“Since they couldn’t get the DEP corps or even the US Coast Guard to say that docks along the perimeter channel were a navigational hazard (because they were within 20 feet of a channel), the county would now be adopting this 20-foot criteria as their own criteria.
“After the Port Authority meeting, I used my seventeen years of engineering experience to complete a preliminary analysis of the new design criteria. My analysis showed that it would affect 39 property owners, would eliminate docks along the perimeter channel for at least 15 property owners, and more if they encountered constructability issues.
“While the current county criteria works fine in the red-zone, it is more stringent than the state and federal guidelines that are already in place. It wouldn’t allow for docks to be placed inside a marked channel when the channel is offset from a seawall.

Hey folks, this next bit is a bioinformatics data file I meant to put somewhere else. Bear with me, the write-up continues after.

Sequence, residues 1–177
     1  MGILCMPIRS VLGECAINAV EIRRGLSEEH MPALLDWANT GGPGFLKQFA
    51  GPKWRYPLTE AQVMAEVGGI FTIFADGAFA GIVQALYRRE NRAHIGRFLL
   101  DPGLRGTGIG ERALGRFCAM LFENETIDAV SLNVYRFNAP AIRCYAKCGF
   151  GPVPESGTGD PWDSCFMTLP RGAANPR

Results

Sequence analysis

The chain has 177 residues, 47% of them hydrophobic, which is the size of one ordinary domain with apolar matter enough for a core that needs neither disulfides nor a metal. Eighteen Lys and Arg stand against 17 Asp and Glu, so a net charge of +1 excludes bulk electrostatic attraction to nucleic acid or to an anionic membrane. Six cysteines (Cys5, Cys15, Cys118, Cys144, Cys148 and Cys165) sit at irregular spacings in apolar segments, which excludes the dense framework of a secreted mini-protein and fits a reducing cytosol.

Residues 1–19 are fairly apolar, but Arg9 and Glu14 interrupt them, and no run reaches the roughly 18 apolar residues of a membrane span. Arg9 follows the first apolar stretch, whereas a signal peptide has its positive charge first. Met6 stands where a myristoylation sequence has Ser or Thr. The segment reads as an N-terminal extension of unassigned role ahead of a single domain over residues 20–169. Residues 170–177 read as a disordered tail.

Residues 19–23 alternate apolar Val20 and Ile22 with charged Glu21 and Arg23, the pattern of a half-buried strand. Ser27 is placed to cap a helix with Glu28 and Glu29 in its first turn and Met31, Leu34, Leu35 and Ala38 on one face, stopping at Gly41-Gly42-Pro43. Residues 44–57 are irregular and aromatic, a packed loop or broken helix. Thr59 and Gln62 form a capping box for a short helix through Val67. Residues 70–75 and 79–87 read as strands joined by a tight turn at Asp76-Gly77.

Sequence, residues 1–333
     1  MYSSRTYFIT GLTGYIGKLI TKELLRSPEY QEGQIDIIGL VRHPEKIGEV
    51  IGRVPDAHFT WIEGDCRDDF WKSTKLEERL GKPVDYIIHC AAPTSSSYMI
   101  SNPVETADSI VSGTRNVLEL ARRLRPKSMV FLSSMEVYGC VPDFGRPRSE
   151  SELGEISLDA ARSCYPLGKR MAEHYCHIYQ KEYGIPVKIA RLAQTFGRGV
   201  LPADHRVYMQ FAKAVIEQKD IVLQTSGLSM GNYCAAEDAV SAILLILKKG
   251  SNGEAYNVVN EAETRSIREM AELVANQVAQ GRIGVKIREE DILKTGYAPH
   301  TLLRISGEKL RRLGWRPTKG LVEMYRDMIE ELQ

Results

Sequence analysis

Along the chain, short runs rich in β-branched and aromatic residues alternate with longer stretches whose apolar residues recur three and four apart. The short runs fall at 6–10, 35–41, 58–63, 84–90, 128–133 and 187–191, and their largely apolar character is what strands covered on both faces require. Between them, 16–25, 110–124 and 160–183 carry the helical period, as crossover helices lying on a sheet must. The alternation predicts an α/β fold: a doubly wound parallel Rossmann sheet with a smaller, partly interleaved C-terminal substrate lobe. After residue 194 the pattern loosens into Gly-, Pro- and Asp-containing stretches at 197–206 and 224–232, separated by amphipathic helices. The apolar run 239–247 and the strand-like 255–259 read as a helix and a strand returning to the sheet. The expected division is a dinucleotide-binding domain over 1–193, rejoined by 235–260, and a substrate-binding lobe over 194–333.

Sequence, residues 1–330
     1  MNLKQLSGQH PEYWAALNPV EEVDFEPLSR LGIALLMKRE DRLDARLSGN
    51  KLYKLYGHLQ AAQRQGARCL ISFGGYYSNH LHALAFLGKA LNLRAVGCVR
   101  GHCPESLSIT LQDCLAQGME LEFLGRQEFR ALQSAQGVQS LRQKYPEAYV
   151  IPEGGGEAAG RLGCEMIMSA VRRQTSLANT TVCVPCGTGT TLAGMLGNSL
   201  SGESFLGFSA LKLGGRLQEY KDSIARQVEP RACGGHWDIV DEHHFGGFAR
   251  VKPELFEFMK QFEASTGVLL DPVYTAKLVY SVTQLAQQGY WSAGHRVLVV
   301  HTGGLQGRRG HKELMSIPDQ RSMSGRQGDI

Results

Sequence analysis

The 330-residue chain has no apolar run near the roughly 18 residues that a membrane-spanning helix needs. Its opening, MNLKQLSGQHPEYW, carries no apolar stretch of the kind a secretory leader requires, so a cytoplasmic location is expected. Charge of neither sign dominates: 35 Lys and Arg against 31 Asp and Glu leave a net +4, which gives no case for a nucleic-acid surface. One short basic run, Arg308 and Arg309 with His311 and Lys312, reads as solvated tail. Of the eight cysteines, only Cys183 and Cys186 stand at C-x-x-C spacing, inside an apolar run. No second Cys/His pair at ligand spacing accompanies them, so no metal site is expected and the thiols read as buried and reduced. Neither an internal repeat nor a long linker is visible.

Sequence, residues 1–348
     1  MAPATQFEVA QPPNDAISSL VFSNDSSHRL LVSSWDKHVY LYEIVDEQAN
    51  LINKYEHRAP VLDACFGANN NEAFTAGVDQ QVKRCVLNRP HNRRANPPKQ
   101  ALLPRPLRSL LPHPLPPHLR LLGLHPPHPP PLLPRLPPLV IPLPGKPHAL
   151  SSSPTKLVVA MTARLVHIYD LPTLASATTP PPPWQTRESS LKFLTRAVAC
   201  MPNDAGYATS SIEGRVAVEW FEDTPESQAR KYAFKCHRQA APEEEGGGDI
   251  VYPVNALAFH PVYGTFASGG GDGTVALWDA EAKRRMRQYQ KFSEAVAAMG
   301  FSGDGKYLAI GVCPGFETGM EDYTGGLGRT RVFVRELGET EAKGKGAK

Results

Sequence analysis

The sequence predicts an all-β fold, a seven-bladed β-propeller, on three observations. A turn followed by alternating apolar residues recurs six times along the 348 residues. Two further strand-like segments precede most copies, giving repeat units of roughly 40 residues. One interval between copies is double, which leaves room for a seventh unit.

“Currently, I’ve gone over and above … in having to verify everything Port Authority claimed to be true …”
Commissioner Wayne Dukes is the BOCC’s liaison to the Port Authority. Addressing Sarah Hill’s issues, he said, “Over the course of (Port Authority) meetings, (Hill) was able to change the design, and then, of course, we didn’t really have rules for it. We’ve never had them for the outside canals, and the rules for the inside canals didn’t really apply.”
Dukes said that the legal department has become involved, and at some point, the BOCC needs to make an agenda item with presentations so the board can make a decision.
BOCC Chairman Steve Champion added, “As much as we have given praise to some of the Port Authority, I was concerned when they’re creating more stringent regulation, and not giving Ms. Hill a chance, her three minutes … and that’s why I have a problem with it.”